So much of that is down to Farke. I spend a frankly ridiculous amount of time thinking about where I’d be without him, and in my head he’ll forever represent the recovery of both me and Norwich. I can’t say it better than I’ve said it before: “it was his exuberance in interviews, his total faith in the players, his single-minded belief that his style of play could work that showed me I had to be at Carrow Road. His call to arms, telling us to flood the stands and cheer the team over the line.” As I say, the pedestal I’ve put him on is terrifying in its grandeur.

It’s selfish, though, to spend an entire piece about Farke talking about myself. What of the players?

When you think about it, the amount of careers and lives he’s changed is staggering. He turned Pukki from ‘that bloke who was rubbish for Celtic’ into a household name. He gave Krul a chance and stuck with him when others would have twisted. He turned James Maddison and Emi Buendía into award winning individuals. He trusted Max Aarons, Jamal Lewis, Todd Cantwell, Ben Godfrey, Adam Idah, Andrew Omobamidele, Josh Martin, Angus Gunn. Who else would hand an 18-year-old their league debut away from home in a local derby?

Our 2018/19 team was full of players who’d been on the fringes of the footballing world. Players who, like Farke, had a point to prove and who had been given a platform to prove it. We were mocked for having a squad of 2. Bundesliga reserves. Of players no one had ever heard of. Well, they’ve heard of them now.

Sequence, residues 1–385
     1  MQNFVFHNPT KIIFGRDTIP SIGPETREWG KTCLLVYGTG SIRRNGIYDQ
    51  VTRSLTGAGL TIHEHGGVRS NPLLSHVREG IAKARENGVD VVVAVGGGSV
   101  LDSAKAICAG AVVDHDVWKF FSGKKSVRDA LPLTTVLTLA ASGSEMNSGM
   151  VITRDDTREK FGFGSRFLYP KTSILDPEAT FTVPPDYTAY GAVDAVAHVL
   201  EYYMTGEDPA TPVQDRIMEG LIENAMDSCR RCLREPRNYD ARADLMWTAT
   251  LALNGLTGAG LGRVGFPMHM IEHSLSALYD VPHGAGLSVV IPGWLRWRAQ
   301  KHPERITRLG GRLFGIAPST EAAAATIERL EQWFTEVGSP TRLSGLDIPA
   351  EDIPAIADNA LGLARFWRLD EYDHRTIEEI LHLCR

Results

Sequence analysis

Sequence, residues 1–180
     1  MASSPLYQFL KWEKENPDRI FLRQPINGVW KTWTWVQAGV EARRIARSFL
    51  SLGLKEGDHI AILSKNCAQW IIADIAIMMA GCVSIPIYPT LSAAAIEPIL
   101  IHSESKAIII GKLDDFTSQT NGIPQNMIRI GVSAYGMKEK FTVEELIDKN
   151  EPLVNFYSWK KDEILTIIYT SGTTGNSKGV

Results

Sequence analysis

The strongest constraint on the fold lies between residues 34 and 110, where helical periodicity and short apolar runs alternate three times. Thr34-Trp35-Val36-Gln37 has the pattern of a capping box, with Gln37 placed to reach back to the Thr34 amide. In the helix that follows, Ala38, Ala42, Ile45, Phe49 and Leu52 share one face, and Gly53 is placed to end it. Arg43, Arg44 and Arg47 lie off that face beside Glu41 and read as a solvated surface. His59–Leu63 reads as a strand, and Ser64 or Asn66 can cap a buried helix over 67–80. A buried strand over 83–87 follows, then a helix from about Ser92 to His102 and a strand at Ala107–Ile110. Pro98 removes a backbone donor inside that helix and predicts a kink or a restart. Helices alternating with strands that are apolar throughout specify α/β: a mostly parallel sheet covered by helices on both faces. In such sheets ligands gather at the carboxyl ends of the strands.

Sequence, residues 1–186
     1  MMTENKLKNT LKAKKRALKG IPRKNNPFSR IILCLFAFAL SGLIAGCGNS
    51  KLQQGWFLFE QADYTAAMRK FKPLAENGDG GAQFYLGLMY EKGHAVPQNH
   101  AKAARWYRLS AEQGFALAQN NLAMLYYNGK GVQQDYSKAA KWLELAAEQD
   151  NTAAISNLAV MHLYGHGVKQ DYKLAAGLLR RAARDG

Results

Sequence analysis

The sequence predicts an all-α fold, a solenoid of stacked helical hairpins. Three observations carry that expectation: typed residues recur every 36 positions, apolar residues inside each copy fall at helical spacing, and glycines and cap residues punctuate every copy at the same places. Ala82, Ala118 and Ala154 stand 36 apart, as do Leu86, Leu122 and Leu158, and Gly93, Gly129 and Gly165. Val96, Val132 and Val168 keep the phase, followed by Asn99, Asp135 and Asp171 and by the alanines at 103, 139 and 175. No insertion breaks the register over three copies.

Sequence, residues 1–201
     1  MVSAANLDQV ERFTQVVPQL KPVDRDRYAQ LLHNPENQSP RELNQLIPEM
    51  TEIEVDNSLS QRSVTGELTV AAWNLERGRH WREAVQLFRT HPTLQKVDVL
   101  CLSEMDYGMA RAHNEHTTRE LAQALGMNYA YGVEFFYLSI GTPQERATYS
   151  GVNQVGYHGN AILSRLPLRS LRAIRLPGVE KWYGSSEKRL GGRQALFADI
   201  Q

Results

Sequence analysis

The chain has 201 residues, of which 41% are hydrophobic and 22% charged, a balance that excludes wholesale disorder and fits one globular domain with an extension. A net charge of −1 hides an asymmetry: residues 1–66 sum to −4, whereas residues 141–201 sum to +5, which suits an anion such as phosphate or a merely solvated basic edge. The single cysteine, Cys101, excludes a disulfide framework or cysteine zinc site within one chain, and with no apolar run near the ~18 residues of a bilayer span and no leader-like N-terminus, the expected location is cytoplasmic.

Then there’s the moments! Those small pockets of brilliance that are still as vivid in the mind as the day they happened. The wink. Boxing Day 2018. City Hall. Man City. Spurs. Forget telling the grandkids about them, we still haven’t managed to stop relaying our own individual tales of each of them to each other. At the epicentre of all of them, the architect of these magic moments, is Daniel Farke.

Not to diminish his contributions off the pitch. It’s no secret that things were not well at Norwich by the end of his first season, and it’s frankly scary to think of where the club would be if James Maddison had not been transformed into a £20+ million player. Farke steadied a ship facing tumultuous waves and came out the other side with two Championship trophies. Between the players, the staff, the fans – the amount of people who owe Daniel Farke and his staff a debt is staggering.

In those four years my faith in him wavered only once. Chelsea was a dark day; we’d been humiliated (to be fair I also had a horrific headache so my judgement was sketchy) and I found myself genuinely wondering if things could turn around. It’s at this point that Webber and I diverged. The Leeds performance was, if anything, harder to watch than Chelsea, but I was stuck in the ground long after the final whistle and stood metres away from Farke as he attended to his post-match duties. His shoulders were slumped. He looked miserable. He’d taken it just as badly as I had. I saw the man who’d given me football, a support network, and suddenly couldn’t imagine not having him there. Webber saw a man at the end of his journey.